Equal pay shouldn’t obscure Glasgow’s steady progress

By Graham Sharp, Chair of the Accounts Commission

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The complex challenges facing Glasgow are unique in Scotland.

Roughly half of all Glaswegians, around 286,000 people, live in some of the most deprived areas of the country. Unemployment remains high and the city’s healthy life expectancy is the lowest in Scotland.

As Scotland’s local authority watchdog, the Accounts Commission’s role is to give citizens an independent take on the council’s progress and performance.

The equal pay claims issue has recently grabbed headlines. And our latest best value report is clear that the council should include the potential impact of any deal in its financial planning. It’s a serious concern for anyone with an interest in the city and the services provided to its citizens.

But the scale of the challenge shouldn’t obscure the steady progress the council and its partners are making.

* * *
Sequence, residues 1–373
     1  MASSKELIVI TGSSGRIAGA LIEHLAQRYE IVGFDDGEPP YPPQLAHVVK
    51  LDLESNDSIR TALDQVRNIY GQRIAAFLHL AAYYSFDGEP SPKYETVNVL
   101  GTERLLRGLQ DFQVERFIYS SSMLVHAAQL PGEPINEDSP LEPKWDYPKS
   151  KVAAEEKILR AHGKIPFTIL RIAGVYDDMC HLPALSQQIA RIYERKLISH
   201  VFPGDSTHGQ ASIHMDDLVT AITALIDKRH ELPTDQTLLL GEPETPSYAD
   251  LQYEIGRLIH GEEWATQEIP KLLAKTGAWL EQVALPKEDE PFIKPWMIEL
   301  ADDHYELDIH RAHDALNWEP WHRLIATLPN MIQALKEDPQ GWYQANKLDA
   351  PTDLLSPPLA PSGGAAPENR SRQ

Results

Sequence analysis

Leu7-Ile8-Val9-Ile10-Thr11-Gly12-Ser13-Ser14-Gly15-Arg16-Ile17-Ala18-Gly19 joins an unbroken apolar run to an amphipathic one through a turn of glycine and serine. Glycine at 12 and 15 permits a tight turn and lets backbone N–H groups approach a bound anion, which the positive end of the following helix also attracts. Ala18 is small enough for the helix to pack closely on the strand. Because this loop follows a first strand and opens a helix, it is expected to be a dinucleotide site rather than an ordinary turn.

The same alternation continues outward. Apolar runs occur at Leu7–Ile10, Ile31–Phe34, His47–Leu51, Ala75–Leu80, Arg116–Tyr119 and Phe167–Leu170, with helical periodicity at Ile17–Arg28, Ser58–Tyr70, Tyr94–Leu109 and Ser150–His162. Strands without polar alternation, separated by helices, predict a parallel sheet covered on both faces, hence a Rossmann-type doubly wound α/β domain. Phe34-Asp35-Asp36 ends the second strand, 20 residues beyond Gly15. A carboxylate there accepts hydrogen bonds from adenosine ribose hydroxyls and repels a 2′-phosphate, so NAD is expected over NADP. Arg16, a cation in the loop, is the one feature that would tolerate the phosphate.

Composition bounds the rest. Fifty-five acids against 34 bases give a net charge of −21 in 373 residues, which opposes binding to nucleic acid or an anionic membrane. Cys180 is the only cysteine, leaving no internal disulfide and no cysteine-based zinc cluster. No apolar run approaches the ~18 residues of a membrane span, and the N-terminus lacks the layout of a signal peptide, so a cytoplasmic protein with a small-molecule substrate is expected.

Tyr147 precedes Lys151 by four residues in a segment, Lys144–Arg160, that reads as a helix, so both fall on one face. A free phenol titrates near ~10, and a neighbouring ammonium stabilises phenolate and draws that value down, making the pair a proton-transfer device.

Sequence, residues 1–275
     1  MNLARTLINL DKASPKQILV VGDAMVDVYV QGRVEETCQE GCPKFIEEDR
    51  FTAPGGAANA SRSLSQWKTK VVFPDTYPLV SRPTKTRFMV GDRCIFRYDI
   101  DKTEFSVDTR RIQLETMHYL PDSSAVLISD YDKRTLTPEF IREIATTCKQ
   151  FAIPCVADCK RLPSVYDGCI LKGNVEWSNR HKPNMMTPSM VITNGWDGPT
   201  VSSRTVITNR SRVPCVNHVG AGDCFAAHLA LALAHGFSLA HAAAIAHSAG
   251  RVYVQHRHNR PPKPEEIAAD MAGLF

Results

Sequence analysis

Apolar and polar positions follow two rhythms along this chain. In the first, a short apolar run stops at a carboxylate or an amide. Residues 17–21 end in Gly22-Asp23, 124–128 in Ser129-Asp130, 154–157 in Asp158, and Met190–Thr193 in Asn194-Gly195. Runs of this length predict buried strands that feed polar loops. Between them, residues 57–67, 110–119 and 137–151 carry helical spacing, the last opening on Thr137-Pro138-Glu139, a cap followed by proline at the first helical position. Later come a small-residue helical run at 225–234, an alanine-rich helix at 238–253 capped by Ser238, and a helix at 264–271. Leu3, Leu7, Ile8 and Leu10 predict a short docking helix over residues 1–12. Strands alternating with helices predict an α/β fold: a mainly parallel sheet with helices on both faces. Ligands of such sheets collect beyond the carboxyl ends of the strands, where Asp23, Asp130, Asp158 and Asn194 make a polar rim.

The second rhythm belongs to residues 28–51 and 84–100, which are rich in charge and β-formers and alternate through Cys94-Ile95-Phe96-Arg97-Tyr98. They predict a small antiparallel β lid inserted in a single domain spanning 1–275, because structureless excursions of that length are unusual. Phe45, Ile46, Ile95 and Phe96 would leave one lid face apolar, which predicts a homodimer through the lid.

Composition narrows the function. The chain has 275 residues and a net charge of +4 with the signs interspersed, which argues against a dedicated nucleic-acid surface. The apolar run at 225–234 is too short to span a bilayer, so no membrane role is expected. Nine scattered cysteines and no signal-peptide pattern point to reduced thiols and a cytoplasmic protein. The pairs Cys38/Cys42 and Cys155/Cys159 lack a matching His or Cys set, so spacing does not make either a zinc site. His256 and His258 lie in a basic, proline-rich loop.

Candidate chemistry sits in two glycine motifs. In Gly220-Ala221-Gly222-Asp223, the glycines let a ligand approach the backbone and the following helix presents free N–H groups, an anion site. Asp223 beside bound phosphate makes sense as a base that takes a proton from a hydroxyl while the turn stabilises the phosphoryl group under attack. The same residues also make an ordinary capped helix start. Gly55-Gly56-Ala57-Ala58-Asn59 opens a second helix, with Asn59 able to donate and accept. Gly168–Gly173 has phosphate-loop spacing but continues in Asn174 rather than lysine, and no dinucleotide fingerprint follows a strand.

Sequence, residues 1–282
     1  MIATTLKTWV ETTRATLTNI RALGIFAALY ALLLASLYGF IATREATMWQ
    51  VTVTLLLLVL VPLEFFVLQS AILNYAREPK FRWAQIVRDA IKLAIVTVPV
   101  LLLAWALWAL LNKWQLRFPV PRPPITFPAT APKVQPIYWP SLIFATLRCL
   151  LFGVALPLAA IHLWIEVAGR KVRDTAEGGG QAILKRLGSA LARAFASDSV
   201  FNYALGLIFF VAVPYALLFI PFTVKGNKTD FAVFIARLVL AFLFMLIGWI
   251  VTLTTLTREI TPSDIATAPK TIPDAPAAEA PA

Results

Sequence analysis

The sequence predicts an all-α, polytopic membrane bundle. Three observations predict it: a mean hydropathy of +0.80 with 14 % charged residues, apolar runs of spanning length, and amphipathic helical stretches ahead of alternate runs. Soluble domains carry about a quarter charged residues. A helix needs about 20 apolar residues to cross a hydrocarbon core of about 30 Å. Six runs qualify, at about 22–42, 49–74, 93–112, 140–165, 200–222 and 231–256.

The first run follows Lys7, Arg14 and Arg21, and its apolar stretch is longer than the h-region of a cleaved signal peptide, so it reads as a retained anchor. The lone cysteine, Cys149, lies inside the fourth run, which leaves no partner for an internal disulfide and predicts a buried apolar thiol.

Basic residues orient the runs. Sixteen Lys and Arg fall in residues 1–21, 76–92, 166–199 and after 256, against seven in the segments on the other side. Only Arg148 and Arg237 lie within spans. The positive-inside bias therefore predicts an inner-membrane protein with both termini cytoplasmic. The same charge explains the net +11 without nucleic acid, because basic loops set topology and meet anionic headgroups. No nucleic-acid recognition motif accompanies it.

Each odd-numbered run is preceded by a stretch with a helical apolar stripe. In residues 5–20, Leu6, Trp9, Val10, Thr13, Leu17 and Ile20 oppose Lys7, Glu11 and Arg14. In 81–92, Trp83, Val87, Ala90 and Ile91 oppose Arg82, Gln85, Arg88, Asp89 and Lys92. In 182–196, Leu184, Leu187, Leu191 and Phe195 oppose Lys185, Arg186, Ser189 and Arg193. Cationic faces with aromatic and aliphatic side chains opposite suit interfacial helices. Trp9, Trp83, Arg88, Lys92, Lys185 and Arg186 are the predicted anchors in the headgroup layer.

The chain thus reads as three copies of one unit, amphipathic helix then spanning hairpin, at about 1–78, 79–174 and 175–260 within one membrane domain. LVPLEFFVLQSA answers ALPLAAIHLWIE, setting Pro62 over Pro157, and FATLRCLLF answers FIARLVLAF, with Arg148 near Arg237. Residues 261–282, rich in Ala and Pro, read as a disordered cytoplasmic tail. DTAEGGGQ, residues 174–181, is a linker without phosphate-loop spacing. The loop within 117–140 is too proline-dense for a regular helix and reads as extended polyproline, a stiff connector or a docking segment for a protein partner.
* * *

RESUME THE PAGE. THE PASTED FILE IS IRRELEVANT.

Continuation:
There are encouraging signs on the health of Glaswegians, young and old. Healthy birth weights have increased, for example, as has life expectancy.

Exam passes from teens living in areas of deprivation are also up, while school attendance levels are rising. And we’re seeing more pupils going on to work or further study.

It’s important that momentum continues.

bv_glasgow_banner_5_smMajor challenges remain, of course.

A budget gap of £129m is a natural concern, although the council has demonstrated effective leadership and shown it can deliver substantial savings through its transformation programme. What’s not been clear enough to date is the wider, non-financial benefits of that activity.

More, too, could be done to develop the good work started on empowering local communities. And there is real opportunity to strengthen relationships with the third sector.

But the council and its partners are ambitious for the city and, we believe, have a clear plan to realise their vision.

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